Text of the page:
Tressel, who led Ohio State to its first national title in 34 years, resigned Monday amid NCAA violations from a tattoo-parlor scandal that had many college football fans wondering about the validity of his program.
“After meeting with university officials, we agreed that it is in the best interest of Ohio State that I resign as head football coach,” explained Tressel.
Luke Fickell from Ohio State will be the coach for the 2011 season. He already had been selected to be the interim head coach while Tressel served a five-game suspension.
Although most people believed that Tressel would serve his suspension and then continue to coach at Ohio State, the allegations and accusations were too much for the 58-year-old coach.
Tressel’s downfall began when it became apparent he had prior knowledge of players receiving improper benefits from the owner of a local tattoo parlor. The public and media pressure then began to mount on Ohio State and Tressel.
Tressel and Ohio State were to go before the NCAA’s infractions committee Aug. 12 to answer questions about the player violations and why Tressel did not report them. He denied knowledge of improper benefits to players until confronted by investigators with emails that showed he had known since April 2010.
Ohio State officials began preparing an appeal of the players’ sanctions. It was then that investigators found that Tressel had learned in April 2010 about the players’ involvement with the federally-investigated parlor owner, Edward Rife.
A local attorney and former Ohio State player, Christopher Cicero, sent Tressel emails involving the improper benefits, according to national media accounts. Tressel and Cicero swapped multiple emails on the subject, said investigators.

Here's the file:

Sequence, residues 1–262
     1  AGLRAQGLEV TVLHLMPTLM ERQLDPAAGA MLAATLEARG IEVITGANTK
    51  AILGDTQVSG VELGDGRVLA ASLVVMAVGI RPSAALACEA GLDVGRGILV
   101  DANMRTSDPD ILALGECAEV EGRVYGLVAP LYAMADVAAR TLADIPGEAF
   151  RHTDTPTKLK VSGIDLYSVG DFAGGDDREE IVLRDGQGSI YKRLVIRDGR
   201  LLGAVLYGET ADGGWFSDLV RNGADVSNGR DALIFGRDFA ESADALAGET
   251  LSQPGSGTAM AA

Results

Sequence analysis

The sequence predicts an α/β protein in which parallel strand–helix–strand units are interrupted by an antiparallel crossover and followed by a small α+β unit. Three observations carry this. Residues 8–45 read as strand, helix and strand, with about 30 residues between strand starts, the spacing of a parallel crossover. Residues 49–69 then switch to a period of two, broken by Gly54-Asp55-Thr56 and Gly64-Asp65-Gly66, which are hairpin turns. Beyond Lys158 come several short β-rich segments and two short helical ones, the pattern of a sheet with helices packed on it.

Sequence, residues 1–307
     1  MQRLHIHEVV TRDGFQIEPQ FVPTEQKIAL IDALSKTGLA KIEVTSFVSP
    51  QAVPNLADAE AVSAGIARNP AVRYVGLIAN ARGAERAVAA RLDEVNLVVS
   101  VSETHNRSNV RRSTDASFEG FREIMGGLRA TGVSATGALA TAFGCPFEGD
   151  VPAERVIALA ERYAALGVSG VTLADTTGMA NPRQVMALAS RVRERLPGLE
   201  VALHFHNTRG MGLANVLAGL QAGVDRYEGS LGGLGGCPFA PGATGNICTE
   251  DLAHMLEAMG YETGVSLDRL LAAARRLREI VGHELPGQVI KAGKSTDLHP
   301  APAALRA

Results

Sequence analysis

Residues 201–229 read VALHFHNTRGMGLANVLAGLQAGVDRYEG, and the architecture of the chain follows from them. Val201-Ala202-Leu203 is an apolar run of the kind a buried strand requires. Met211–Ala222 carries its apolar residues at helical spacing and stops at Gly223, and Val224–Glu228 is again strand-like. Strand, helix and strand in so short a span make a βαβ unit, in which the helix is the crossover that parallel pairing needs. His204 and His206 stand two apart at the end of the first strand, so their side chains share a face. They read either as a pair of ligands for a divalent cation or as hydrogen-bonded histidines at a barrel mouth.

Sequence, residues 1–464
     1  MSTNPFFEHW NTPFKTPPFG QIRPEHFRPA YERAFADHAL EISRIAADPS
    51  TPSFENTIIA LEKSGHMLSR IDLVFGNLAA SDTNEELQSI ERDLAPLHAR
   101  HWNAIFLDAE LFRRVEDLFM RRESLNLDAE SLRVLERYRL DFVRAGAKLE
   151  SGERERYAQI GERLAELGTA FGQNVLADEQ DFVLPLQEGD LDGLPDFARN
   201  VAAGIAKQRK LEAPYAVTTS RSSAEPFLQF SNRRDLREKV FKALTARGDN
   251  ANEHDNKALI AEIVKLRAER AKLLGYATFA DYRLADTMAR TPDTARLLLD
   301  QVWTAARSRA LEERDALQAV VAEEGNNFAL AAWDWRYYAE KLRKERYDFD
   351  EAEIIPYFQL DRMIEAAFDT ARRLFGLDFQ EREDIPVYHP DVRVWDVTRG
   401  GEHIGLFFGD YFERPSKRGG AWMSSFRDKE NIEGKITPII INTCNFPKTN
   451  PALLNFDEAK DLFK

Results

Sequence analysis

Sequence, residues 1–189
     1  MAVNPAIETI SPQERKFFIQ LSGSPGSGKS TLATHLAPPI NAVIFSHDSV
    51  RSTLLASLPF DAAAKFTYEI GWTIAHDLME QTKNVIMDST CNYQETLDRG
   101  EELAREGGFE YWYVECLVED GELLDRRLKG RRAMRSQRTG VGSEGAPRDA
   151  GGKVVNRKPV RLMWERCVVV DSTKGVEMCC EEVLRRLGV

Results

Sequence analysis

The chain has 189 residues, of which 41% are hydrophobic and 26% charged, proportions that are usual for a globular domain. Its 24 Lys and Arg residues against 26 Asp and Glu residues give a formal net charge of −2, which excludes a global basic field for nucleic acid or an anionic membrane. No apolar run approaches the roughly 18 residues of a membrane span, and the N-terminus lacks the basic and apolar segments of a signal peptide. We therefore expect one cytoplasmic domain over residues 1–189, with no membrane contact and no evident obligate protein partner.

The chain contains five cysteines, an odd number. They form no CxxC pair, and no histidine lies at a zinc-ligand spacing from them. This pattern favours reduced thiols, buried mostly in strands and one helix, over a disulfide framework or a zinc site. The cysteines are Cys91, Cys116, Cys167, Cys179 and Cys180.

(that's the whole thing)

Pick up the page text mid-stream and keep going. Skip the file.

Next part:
Tressel had signed an NCAA compliance form in September 2010 saying he had no knowledge of any violations by athletes.
Also on Monday, The Columbus Dispatch reported that Pryor is the subject of a “significant” inquiry by the NCAA and Ohio State regarding cars and other improper benefits he may have received.
Later Monday, Sports Illustrated reported that at least 28 players, 22 more than the university has acknowledged, were involved in exchanging memorabilia for services as far back as 2002, Tressel’s second season at Ohio State.
After the article’s publication, athletic director Smith issued this statement:
“During the course of an investigation, the university and the NCAA work jointly to review any new allegations that come to light, and will continue to do so until the conclusion of the investigation.”
“Coach Jim Tressel has made positive contributions to Ohio State and its student athletes during his tenure,” Big Ten commissioner Jim Delany said in a statement. “He has also acknowledged making a serious mistake.”
But at one time his image was that of an honest man who always thought before he acted. His nickname was “The Senator” for always having his integrity above all else.
“As I think back to what I could have done differently … I’ve learned that I probably needed to go to the top legal counsel person at the university and get some help,” Tressel said in an interview with ESPN.
“I don’t think less of myself at this moment,” he said. “I felt at the time as if I was doing the right thing for the safety of young people.”